Edinburgh’s adorable genderpop punk warriors Spook School are headlining the Friday night at Indietracks. Remember them, we’re going to see them again later. In the meantime let’s just enjoy them totally owning their moment, basking in an audience that are in swoony love, drinking in their tales of identity and bittersweet human existence, gulping them down like lemonade, and burping back their adoration. Spook School are an important band, with vital things to say, they also play delicious pop songs and have a drummer that does all their talking for them. Normally there is no other band like Spook School. Except at Indietracks, where everyone is a bit like Spook School. The brilliant things they represent are the brilliant things about indiepop as a scene and Indietracks in particular: openness, tolerance, joy in pop, a rejection of gender norms, seeing the audience as family, and being allowed to be funny, sweet, angry and catchy all at the same time. At Indietracks there’s little dividing the bands and the people watching them, and even less dividing their souls from their art. This is less a music festival and more a family reunion.
There aren’t any other festivals like Indietracks. Not really. And that’s not because it’s tiny and has actual steam trains (though that is a bonus). Indietracks is a festival without any of the stuff you hate about festivals: no poseurs, barely a sniff of ego, no trouble, no cynicism, no branding, no symbols of soft corporate power, no magazine tie-ins, no crap bloggers doing voxpops and fashion features, no VIP area full of shit celebs in hot pants and wellies. No Lauren Laverne (actually that last one is a bit of a shame - if there was ever a festival where being the singer of Kenickie carries some cache, it’s this one). You get the picture though: in a festival scene completely shorn of identity, where Reading is less a gathering-of-the-alternative-tribes and more a piss up with pop bands, where Glastonbury is full of people who don’t leave the main stages, and where the V Festival continues to be a place to be sick after your A-level results, Indietracks attracts a refreshingly music-focused, literate audience who get each other. It’s probably the only festival in the world where you’ll get 600 people who all know the words to the Lovely Eggs’ ‘Have You Ever Heard A Digital Accordion’ and treat Darren Hayman playing ‘Hymn For The Cigarettes’ like it’s McCartney doing ‘Hey Jude’.
Also, in a festival landscape constantly criticised for under-representing women, Indietracks is leaps and bounds ahead. It passes whatever the musical version of the Bechdel Test is on drummers alone. Most bands are at least mixed gender, and all-male bands are extremely rare. It’s not like that’s a ‘thing’ here, it just doesn’t feel like anyone’s filling quotas. It’s just… how it should be. Brilliant indiegrunge trio ¡Ay Carmela! don’t stand out because of their genders, something which might (but shouldn’t) give them a novelty factor at Blokefest2016 up the road, here they stand out because they have a knack with melancholic powerpop driven by gorgeous, melodic basslines and glistening harmonies.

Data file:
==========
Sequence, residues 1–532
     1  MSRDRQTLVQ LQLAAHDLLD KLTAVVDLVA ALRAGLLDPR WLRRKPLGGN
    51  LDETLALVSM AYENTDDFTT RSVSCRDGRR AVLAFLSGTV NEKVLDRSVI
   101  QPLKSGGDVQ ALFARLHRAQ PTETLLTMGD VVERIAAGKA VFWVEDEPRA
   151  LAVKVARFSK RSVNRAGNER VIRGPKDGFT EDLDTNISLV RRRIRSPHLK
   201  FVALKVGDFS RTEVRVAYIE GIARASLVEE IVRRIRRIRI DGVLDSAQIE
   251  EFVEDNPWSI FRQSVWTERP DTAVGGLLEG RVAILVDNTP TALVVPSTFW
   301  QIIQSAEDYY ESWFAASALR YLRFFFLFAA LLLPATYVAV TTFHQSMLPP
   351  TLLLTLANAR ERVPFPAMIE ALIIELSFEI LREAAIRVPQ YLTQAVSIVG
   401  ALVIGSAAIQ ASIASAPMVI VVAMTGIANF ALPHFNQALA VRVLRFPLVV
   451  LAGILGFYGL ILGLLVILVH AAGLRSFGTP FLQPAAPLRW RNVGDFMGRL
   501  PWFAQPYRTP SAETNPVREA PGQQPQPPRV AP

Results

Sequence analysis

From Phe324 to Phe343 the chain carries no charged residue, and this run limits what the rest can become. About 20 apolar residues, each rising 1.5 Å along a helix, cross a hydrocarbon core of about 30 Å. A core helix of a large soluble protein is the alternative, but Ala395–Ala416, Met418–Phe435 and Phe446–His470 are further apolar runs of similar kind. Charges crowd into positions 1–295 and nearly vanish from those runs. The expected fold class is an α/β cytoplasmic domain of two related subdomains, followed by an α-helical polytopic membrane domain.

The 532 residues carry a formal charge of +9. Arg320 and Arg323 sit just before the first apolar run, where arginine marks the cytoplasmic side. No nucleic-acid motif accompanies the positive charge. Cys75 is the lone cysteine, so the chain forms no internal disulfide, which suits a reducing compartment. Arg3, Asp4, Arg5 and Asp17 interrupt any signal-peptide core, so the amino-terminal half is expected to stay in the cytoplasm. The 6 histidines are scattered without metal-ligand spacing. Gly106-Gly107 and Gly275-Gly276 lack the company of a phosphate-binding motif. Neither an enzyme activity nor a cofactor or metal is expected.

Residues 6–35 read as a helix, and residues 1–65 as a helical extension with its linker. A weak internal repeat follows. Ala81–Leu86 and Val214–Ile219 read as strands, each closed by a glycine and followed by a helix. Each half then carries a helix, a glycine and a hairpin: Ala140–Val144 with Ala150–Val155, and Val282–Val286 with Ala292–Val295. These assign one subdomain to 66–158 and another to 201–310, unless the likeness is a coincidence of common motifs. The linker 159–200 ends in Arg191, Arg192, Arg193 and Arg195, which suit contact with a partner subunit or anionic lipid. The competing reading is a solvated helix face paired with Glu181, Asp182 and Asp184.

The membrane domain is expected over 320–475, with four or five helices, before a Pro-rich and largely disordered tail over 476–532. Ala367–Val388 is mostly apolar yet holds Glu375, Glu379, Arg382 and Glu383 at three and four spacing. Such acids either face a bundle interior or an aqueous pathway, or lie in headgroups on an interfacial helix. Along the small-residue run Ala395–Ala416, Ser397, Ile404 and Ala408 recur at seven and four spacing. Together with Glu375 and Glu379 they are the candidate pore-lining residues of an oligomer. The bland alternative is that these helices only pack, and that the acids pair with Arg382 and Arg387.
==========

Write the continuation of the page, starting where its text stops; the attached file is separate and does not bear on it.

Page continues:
Remember Spook School, who were slaying the mainstage back at the start of this review? They were also the audience. You’d spot them watching the amazing Chrissy Barnacle, a lovely and twisted folk singer who combines the energetic storytelling of Josie Long with the alien elegance of Joanna Newsom. You see Chrissy bopping to Baltimore jangly types Expert Alterations. Expert Alterations’ bassist can be spotted watching the extraordinary instrumental storytelling of Haiku Salut, who in turn can be seen… well, you get the picture. This isn’t a clique, it’s a scene. A real one. Everyone, on either side of the barrier is here for the love of joyful indie goodness. It’s an in ice-cream wonderland, safe for all (unless you’re the bass player from Trust Fund who got walloped in the annual campsite football match).
This year's’ is not a perfect line-up, but what’s telling is where those imperfections are: no-one is judging the occasionally shonky performance or out-of-tune guitar (pristine musicality is only ever a bonus in indiepop), and the polished hits of Saturday-headliners Saint Etienne makes them comfortably the dullest band of the entire weekend. That said it would be nice to see a band that doesn’t list “Pavement, C86, Pulp” as influences. Just to shake things up a bit.
Festivals are supposed to be little holidays from your life; somewhere to bathe with mates in music and mud, among people who think the same way you do. Somewhere along the way we’ve lost that. Maybe at the big festivals it was never really there anyway. Maybe everywhere feels like that when you’re 16 and it drifts away as you get old and cynical. Who knows? The point is this: Indietracks actually feels like festivals should feel, and rarely do. It’s a pastel paradise for a cherished scene, and you should go. Every. Fucking. Year.
Photo credit by Jonathan Howell.